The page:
30) What is life? It is a basic tenet of physics that phenomenon in Universe tend to run downhill, from order to disorder and at last to chaos. This principle is known as the Second Law of Thermodynamics. It is known to the public as the concept 'entropy.' It is sort of incorporated into a famous sociological principle: Murphy's Law, "Anything that can go wrong, will." So how is life sustained? Life is a huge and intricate molecular contraption that manages for a while to reverse the general trend, at least as long as it takes to replicate itself. A living system is a triumph of order, and in a Universe that is otherwise running downhill, life is matter that goes against the flow (thanks to Earth's open system fed by Sun). Each little creature's victory of self-preservation is achieved at such great expense of energy that the inanimate world deteriorates slightly faster in consequence of life's presence. Each life must eventually come to an end, Universe declines eventually, but only to possibly give rise to new beginnings and potentially new life. (We can only imagine this process of regeneration, we won't be around to see it.)

31) An important theorist in the physics of Universe is Andrei Linde (from Russia). Linde's concept involves beginning with an absolute minimum of initial conditions -- the state we call chaos. "One just considers all possible kinds and values of scalar fields in the early universe and then checks to see if any of them leads to inflation. Those places where inflation does not occur remain small. Those domains where inflation takes place become exponentially large and dominate the total volume of the universe." This may require a universe precedent to ours, and it implies the existence of countless other universes. Linde's is a theory of a multiverse.

"When I was in high school, I developed a nice theory of how extrasensory perception might work. But then I learned that it violated the special theory of relativity. I realized that unless I learn physics I may come up with all sorts of ideas that will sound nice, but always I will be talking nonsense. . . It is a very dangerous feeling, this feeling that you're not totally secure in what you're doing. But it makes life so exciting."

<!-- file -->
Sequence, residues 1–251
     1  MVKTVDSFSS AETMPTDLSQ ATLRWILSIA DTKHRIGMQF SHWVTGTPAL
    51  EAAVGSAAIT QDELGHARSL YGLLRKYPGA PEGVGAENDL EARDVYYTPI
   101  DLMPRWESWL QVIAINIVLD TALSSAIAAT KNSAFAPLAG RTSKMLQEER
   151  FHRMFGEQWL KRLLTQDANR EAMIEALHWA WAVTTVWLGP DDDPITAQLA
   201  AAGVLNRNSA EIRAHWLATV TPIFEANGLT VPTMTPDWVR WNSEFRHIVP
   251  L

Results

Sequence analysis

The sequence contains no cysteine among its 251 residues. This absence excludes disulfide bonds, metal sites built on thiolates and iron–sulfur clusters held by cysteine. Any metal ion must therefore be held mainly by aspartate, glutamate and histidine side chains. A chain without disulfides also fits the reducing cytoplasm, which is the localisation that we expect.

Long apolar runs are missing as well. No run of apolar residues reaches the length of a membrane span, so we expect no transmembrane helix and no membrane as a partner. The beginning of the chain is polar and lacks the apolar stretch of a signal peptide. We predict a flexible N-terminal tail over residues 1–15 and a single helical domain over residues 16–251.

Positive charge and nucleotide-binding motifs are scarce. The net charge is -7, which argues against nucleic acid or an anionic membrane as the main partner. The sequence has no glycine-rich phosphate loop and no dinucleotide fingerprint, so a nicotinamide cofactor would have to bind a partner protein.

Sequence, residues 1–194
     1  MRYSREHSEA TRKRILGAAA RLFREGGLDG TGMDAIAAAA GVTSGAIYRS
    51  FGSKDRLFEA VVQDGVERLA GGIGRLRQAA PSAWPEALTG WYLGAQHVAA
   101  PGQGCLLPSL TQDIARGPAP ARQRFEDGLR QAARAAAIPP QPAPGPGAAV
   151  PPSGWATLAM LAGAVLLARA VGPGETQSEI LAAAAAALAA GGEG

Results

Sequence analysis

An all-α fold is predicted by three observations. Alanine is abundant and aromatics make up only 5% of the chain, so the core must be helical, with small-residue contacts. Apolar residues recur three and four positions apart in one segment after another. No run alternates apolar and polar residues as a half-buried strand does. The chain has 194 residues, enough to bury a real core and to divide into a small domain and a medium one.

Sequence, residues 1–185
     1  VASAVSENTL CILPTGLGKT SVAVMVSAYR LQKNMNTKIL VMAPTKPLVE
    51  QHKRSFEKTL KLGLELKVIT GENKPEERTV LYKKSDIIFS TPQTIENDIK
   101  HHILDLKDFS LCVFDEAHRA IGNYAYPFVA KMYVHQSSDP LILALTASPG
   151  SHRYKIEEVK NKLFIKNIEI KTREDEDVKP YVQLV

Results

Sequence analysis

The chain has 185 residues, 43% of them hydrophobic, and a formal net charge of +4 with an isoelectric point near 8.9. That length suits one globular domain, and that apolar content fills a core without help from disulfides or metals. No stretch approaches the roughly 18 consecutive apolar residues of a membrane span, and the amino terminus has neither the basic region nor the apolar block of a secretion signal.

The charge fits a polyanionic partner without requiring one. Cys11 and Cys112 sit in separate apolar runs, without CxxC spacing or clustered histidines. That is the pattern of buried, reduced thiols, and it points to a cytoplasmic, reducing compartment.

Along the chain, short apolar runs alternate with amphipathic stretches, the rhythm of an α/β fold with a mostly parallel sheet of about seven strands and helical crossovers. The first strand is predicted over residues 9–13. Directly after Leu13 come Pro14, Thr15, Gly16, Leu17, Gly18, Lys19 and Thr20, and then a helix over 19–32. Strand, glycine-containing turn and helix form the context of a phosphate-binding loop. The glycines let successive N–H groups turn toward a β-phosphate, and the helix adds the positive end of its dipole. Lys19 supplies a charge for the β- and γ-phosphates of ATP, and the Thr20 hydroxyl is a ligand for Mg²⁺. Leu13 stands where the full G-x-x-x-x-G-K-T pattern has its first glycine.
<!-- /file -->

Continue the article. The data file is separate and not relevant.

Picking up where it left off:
In Linde's cosmological picture, there are many events similar to the Big Bang that ballooned Universe to its enormous present size. "In essence, one inflationary universe sprouts other inflationary bubbles, which in turn produce other inflationary bubbles. . ." The multiverse contains innumerable bubbles like the one in which we find ourselves, and other regions even larger, and still other regions in which inflation is going on right now--a theory of eternal inflation. "The classical big bang theory is dead. . . [it is] a very interesting theory that we must study, but the original big bang is somewhere in the distant past. . . The evolution of the universe as a whole has no end, and it may have had no beginning. . ."

32) Come back to Earth for a moment. For an aquatic plant such as a seaweed to evolve into a land plant of any considerable size, it would need to develop strength and stiffness to overcome the pull of gravity and replace the buoyancy of water. At the same time, it would have to develop some way of preventing loss of water from its tissues to the air. A stranded seaweed, without this protection, soon shrivels and hardens. This is the nature of the physics and engineering problems associated with the first formation of plants on Earth's surface.

In widely scattered parts of the southern hemisphere live the last remnants -- three species -- of the most ancient group of true land plants. The psilotales, are the size of ferns but lack such fern-like refinements as roots and well developed leaves. Their narrow, aerial stems which spring upright from creeping underground stems, are well adapted for life out of water. These contain woody tubes that conduct water from undergournd to all parts of the plant. Other vessels conduct liquid foodstuffs, and the presence of these specialized vessels explains the term vascular plants, of which the psilotales are the oldest and most primitive survivors. Remnants of this plant survive in the tropics; in Hawaii it colonizes lava flows and is known as the Moa plant.